Then there was the Echo Springs series which came from an idea from my editor at the time who got together myself and three other authors to write a continuity. She had the base idea and then myself and the other three authors – Daniel deLorne, Shannon Stein and TJ Hamilton – workshopped the series and our ideas together then went away and wrote our individual story, then with the editor to make sure they all hung together as a cohesive whole. That was a really amazing project to have been a part of and I learned so much.

What’s the best aspect of your writing life? Losing myself in the world of my characters. It can be exhilarating.

—the worst? Having to constantly work at making others respect the fact I am a writer and that I’m not just home doing whatever and can drop what I’m doing and come to do whatever they want to do. It is a constant effort to have to make family and friends respect my working day.

What would you do differently if you were starting out now as a writer? Find a writing group to be a part of and join RWA right away (or some other writing organisation to suit my genre). I floundered for years on my own before doing those things and it wasn’t until I did join writing communities that I started to make the improvements and build the networks that led to me getting published. Also, my writing friends are some of the best people in my life.

What do you wish you’d been told before you set out to become an author? Getting that first contract is amazing, but it doesn’t mean it’s all roses from there. There’s an increase in the hard work to come and that the ebbs and flows in the publishing industry mean that you can never be ‘secure’ – but that’s normal and has nothing to do with you. You just need to keep getting out there and trying and writing the best you can if you want the next step to be forward and not backwards. That and start building an author profile immediately – SM may be a burden at times but it can also be a joy and it certainly helps you to connect with authors and readers and stay informed and helps with publicity and marketing which are increasingly important for an author to take command over whether traditionally published or self-published.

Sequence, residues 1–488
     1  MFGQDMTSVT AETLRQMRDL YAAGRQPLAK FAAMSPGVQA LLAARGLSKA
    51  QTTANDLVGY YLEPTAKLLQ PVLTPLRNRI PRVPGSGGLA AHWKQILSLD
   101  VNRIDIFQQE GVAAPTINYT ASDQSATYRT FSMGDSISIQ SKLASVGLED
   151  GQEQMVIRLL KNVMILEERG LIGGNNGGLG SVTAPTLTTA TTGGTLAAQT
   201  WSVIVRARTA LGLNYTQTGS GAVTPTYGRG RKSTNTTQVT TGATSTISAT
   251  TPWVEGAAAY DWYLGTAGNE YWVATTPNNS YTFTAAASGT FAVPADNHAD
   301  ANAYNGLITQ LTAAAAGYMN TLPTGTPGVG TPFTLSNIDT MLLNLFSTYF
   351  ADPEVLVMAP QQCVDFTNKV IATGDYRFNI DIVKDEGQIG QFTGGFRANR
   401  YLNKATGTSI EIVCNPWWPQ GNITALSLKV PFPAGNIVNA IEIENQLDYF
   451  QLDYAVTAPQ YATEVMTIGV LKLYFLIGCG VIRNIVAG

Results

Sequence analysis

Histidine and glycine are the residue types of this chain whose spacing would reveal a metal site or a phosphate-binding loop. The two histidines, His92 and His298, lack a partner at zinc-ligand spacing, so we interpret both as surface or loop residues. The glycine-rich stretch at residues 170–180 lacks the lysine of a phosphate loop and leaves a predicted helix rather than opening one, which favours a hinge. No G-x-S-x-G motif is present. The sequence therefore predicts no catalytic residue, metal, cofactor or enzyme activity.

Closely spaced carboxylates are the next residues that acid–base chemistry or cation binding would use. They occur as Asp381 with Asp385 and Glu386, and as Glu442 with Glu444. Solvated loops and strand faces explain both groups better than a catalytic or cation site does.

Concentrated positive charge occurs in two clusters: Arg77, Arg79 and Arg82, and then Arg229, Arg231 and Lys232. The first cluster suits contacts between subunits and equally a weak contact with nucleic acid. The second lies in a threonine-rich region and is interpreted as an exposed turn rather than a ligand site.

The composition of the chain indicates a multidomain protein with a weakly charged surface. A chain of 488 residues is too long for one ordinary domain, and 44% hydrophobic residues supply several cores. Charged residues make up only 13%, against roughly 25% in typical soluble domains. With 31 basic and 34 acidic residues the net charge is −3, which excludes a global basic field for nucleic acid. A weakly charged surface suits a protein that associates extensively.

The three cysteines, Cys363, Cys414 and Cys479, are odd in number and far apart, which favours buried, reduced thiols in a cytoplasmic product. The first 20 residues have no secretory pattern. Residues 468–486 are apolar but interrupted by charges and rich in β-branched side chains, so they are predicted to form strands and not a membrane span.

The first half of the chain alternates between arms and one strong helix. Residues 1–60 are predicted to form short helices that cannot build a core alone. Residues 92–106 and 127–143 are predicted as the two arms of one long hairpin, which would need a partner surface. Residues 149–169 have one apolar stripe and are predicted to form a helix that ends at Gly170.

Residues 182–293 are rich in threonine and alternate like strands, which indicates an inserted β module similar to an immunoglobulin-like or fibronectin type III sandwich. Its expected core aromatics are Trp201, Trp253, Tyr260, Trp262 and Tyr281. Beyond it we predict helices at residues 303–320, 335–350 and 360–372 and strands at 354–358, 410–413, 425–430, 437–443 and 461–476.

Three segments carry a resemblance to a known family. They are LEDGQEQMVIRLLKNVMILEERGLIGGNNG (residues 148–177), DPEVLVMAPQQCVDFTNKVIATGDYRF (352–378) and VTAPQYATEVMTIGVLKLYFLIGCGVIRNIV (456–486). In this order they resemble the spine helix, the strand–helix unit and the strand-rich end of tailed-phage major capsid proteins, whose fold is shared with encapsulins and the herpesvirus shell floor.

What’s the best writing advice you were ever given? Join RWA, enter contests, get a critique partner, volunteer, go to the conferences, improve your craft and persevere.

What’s your top tip for aspiring authors? All of the above, but also make sure you get your work critiqued by someone who isn’t just a writing buddy or family member. That’s why going in contests can be so invaluable because you often get really great feedback that can help you improve. You can also find people who do author mentoring and manuscript assessments.

How important is social media to you as an author? Very. See my above comment about building an author profile.

Do you experience ‘writer’s block’ and if so, how do you overcome it? Not really. There are times when I know what I’m writing isn’t working and I can feel a bit stymied, but that’s when I workshop with my writing friends to help me break through that. Even then, I don’t stop writing. I believe that getting something on the page that I can fix is better than getting nothing down – you can’t fix what’s not there.